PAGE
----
Agents and networking assistants
The Internet is vast, and even the mainstream social networks have become too big and diffuse . Despite all the resources for finding people, it is hard to find suitably-skilled and -priced support for a specific project, or suitably rewarding employment for the specific skills being offered.
1. Options for meeting other members in the network
Are you having trouble deciding how to use our network, or how to make contact with other members?
One option is just to lie low and see what happens. Not much usually:
A second option is to be proactive, and contact people yourself, based on what information you can find (e.g. in our forums, or in our member profile pages)
A third option is to look for an agent , or networking assistant . The latter might be someone who is in training to become a professional agent, or might be someone who is a professional secretary , for the Internet age.
In the next section I consider only agents.
2. What do agents do?
Their role is to help people make connections, or to be 'match makers'. They might be needed to help with detailed negotiations, if a match is made.
Online social networks (Facebook, Google+, LinkedIn, etc.) use many approaches to help people find each other, inside each network. The automated approaches are not keeping up with the flood of information washing over us. In fact they keep giving us more and more choices. The choices add to our confusion.
We face an information tsunami .
Agents can be like people who lead others to higher ground - if they know the territory well enough. They need to be specialists and should have constant contact with people who might eventually like to work with each other. Agents may work across many different social networks, to scout for talent and to see where useful connections might be made.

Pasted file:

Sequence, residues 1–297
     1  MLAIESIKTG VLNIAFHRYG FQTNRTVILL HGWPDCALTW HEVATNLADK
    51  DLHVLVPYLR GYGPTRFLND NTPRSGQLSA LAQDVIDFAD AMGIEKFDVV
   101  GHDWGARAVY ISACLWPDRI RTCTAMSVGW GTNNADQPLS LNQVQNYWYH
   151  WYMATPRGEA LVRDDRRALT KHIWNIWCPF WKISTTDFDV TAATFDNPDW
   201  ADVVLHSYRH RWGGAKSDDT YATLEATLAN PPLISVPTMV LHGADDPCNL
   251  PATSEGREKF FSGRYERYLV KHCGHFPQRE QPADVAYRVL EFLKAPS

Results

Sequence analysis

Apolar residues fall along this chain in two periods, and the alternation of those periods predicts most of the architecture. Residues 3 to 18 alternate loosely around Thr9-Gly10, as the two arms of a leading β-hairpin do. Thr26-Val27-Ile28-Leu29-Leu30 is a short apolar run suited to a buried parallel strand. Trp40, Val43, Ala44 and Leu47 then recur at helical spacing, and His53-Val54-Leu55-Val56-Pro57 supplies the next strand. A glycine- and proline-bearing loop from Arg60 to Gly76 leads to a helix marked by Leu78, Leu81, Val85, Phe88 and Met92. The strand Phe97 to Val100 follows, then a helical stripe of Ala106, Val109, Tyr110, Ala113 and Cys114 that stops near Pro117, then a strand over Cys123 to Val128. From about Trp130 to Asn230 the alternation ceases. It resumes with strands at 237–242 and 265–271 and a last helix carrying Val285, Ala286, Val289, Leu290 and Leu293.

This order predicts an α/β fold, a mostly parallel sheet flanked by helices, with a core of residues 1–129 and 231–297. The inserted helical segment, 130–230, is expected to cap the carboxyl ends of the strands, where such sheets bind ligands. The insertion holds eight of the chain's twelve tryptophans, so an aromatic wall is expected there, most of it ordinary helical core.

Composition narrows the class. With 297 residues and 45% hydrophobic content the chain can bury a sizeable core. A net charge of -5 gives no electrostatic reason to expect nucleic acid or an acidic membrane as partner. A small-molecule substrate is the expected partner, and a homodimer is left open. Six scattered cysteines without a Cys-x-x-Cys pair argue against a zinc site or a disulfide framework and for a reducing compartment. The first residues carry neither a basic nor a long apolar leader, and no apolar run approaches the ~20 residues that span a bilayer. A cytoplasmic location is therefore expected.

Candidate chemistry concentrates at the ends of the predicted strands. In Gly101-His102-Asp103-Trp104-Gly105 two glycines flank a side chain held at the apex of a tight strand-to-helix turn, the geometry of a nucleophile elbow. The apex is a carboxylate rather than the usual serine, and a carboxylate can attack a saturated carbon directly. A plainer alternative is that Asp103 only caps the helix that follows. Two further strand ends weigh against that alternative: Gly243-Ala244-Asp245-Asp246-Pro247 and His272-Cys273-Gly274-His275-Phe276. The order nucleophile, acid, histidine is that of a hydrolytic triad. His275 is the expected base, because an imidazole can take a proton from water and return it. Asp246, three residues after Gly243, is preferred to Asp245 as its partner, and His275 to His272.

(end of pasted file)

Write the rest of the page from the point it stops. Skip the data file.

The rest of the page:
A specialist agent must have patience and good communication skills, to find and contact people who work in a related areas (medical writing and medical translation, for example). Just to cover search and communication costs, an agent might need to charge expensive fees or commissions.
Not all people involved in research and publishing can afford to pay for specialist agents.... but there are many kinds of agent or agency, and many different pricing methods, and some are more affordable.
For example, many editing companies employ an on-call pool of essentially freelance editors. The companies are really acting as agents who look for clients and editors, and mediate between them. If the company has enough volume of work, the fees or commissions can be reduced to an acceptable level.
Book publishing agents also exist. They do not always charge high fees in advance. If they can sometimes find a top-selling author for a publisher, and and can profit from a commission or a share in royalties, then they may be willing to undertake jobs that do not always bring them profit. They need to be 'in the swim' to find the jobs that do bring profit.
There are many pricing methods, for each kind of work done by an agent.
Our network, the Research Cooperative, can be used by various kinds of agent to find and meet people with skills, and potential clients.
Agents can also manage online profiles for others ... a role that requires a lot of trust and professional care. An agent doing this kind of management work might create profile pages on behalf of clients, and then use the forums to help their clients find work, or offer work.
This kind of service is something that a specialist, academic employment agency might like to offer.
Agencies can use small teams composed of discovery specialists, negotiators or brokers, and relationship mediators - or all these functions can be performed by a single, highly skilled person.
Some of the work of agents might be voluntary, some might be for a price, and some might be discounted for various reasons.
Our network cannot offer technical support for price negotiation or financial transactions. Many online job agencies already do this. What we can do is provide a novel environment in which individual agents, teams, or companies (agencies) can:
- emerge from among our members,
- develop their own business plans, and offer specialised services,
- meet people and help them make useful connections with others.
Please explore the possibilities!